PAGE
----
Dont know None of these


9% 2%

Option A: 150 new homes


16%

Option D: 1,140 new homes

8%

33%

Option C: 760 new homes

Option B: 550 new homes

32%

Base: All respondents (902)

Source: Ipsos MORI

Ipsos MORI

Below, we provide some profiles of the residents selecting each of the different development options. Please note that these profiles provide a description of the demographic groups most likely to say that they support each option. This does not provide a statistically-based segmentation of the data. Option A Around one in six residents wanted to see a reduction in development as described in option A. Residents who are most likely to have selected this option are: those who have lived in the area for more than ten years those who own their own houses
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those who oppose development in the area and in the district those who do not see any positives to development.

Supporters are most likely to cite maintaining greenfield land as the key factor in making their decision. Option B Option B was selected by around a third of residents. Residents who are most likely to have selected this option are: those living in Herne Bay those who own their own homes those who are more likely to oppose than support building in their own local area, although there is no difference between those who support or oppose building in the district as a whole. Supporters are most likely to cite maintaining greenfield land as the key factor in making their decision. Option C This option received a similar level of support to option B. Residents who are most likely to have selected this option are: those who are younger (aged 16-24) and therefore those who are students (whether at college or university) those who have moved to the area within the last five years those who are living in private rented accommodation those who are most concerned with the growth of the economy those who tend to support building in the area and in the district with a higher proportion of those selecting option C having no development concerns. Supporters are most likely to cite job growth as the key factor in making their decision.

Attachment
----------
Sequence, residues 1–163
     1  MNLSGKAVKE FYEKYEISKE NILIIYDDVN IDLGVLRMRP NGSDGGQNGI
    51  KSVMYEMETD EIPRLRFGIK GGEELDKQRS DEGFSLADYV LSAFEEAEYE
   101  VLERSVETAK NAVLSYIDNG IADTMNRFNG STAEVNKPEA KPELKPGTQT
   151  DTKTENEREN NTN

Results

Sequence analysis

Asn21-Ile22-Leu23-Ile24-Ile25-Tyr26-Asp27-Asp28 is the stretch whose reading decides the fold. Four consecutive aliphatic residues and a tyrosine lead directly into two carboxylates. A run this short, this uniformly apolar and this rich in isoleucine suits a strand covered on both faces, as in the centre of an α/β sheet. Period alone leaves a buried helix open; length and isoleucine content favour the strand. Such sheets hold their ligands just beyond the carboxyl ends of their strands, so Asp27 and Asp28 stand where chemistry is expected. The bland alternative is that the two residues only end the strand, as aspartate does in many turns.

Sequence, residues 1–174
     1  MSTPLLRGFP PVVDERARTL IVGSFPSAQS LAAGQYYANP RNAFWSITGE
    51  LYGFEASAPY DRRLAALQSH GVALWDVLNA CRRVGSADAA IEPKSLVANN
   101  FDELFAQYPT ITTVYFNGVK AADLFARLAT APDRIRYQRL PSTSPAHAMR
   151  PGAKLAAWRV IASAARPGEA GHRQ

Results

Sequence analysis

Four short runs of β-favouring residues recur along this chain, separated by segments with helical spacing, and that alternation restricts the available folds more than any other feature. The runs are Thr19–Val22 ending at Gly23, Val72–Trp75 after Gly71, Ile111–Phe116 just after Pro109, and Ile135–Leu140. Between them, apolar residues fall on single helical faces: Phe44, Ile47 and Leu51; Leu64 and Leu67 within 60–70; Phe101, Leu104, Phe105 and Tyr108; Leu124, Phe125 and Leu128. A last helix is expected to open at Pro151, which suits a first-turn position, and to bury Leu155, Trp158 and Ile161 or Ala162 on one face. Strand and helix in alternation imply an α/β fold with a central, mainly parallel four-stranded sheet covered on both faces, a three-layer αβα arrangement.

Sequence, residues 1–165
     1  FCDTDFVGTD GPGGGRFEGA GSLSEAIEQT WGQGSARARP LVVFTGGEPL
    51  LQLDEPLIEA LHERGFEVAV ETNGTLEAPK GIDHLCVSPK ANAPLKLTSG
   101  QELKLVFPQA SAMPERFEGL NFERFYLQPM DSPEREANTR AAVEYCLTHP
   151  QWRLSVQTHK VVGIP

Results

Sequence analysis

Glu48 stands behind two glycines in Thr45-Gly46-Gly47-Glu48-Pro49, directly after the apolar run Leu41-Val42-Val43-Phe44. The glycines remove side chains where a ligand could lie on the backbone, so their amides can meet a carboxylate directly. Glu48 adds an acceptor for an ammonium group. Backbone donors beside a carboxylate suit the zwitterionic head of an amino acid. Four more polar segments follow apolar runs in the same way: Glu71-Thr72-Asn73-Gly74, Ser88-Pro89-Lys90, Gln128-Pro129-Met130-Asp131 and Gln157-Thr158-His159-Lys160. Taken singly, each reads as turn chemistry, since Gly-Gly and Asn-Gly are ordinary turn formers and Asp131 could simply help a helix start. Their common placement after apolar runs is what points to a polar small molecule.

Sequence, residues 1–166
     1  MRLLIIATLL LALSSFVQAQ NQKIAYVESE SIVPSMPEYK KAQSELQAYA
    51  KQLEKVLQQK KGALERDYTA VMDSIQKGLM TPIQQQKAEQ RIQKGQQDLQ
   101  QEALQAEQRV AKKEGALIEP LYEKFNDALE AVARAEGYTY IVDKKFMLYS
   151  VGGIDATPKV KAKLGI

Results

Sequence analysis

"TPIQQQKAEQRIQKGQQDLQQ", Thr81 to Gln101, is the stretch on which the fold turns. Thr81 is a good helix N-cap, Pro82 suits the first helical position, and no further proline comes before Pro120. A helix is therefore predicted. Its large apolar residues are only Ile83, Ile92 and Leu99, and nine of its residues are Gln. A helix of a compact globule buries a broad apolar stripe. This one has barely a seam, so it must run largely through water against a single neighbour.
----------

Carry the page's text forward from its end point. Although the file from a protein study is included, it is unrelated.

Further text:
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Option D
Just under one in ten residents supported option D. There are few demographic differences between this group, however those in social grade C2DE are more likely to support this option. Option D is preferred by those who are most likely to support development in the area and in the district. Supporters are most likely to cite job growth and housing growth as the key factors in making their decision.

2.9 Jobs strongest explanation for option choice


Respondents were asked to give their spontaneous reasons for support and concerns with regard to supporting their chosen option. Once spontaneous views had been captured, respondents were then asked to pick which of the four factors presented for each option (change in housing levels, change in the number of jobs, change in population and building on greenfield) were the most influential factors in making their decision, covered in section 2.11. The top reasons given for supporting the option chosen are more jobs (27%), affordable homes (17%) and not too many homes (15%).